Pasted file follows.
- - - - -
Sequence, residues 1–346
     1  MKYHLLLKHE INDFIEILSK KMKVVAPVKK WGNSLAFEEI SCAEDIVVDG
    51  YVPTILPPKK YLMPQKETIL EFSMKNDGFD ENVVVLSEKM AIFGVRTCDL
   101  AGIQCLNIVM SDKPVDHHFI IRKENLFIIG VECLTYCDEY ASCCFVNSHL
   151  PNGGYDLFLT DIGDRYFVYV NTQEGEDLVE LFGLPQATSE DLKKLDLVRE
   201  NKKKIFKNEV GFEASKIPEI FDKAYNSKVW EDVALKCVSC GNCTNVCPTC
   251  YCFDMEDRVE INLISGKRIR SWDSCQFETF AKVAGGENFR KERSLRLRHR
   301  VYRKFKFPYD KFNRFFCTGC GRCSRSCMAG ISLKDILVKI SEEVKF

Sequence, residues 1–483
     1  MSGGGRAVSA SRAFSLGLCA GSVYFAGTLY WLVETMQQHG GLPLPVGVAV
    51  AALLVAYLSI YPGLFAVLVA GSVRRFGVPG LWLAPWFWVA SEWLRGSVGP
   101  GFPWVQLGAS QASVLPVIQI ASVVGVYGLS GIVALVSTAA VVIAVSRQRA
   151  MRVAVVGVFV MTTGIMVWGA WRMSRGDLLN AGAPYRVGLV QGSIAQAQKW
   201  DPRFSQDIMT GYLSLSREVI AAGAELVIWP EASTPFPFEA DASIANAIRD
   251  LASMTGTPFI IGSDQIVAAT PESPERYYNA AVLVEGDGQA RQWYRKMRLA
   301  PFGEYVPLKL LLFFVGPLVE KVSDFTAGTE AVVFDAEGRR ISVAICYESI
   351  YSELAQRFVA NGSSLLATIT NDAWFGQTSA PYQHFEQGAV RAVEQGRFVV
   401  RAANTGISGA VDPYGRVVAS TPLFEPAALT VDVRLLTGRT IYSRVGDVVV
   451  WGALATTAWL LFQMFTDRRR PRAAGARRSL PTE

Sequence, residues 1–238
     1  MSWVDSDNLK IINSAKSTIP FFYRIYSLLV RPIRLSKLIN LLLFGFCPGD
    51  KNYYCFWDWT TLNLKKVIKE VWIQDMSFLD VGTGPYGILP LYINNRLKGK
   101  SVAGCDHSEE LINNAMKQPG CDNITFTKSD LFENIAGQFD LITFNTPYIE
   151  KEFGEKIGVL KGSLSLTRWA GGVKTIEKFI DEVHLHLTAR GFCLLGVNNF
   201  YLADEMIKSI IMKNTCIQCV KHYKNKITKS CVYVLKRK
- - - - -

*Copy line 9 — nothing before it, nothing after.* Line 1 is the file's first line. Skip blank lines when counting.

Sequence, residues 1–483